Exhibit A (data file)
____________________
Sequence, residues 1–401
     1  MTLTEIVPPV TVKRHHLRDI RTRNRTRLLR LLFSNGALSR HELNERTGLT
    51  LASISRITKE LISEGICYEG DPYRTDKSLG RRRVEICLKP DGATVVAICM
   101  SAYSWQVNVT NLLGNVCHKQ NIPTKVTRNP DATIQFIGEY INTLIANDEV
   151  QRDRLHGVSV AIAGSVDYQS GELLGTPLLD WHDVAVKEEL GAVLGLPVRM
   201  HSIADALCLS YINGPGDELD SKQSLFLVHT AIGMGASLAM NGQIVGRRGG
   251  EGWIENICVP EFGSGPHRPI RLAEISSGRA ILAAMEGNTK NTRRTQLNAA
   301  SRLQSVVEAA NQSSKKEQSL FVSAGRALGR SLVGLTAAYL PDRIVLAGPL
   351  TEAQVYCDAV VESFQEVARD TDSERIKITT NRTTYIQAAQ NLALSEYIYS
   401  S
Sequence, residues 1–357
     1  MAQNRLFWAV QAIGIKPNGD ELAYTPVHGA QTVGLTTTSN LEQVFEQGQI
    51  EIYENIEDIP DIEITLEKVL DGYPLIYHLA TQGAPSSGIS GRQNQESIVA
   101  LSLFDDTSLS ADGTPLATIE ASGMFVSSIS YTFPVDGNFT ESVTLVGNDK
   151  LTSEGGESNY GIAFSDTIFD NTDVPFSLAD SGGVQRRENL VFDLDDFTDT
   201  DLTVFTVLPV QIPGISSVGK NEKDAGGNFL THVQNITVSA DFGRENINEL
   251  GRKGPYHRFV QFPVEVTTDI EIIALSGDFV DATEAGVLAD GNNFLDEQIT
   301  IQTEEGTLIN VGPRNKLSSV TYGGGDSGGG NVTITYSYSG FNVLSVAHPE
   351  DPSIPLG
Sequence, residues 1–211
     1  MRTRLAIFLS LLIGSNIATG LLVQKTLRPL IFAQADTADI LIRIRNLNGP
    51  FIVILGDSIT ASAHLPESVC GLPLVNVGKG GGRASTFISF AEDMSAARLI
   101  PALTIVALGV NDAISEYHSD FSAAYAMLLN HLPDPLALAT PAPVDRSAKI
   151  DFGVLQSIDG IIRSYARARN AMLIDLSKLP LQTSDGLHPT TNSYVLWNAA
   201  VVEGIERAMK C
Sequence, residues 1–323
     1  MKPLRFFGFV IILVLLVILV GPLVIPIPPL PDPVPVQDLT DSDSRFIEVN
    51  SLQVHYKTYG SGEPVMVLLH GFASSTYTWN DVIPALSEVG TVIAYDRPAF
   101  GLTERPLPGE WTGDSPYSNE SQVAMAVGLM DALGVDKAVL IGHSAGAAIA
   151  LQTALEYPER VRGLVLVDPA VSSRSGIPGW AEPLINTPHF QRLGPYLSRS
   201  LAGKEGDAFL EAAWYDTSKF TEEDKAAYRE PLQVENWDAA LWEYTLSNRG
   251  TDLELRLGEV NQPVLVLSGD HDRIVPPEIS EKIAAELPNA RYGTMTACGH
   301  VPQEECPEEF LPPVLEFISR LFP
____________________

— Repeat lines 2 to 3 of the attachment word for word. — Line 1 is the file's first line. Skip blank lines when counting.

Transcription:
     1  MTLTEIVPPV TVKRHHLRDI RTRNRTRLLR LLFSNGALSR HELNERTGLT
    51  LASISRITKE LISEGICYEG DPYRTDKSLG RRRVEICLKP DGATVVAICM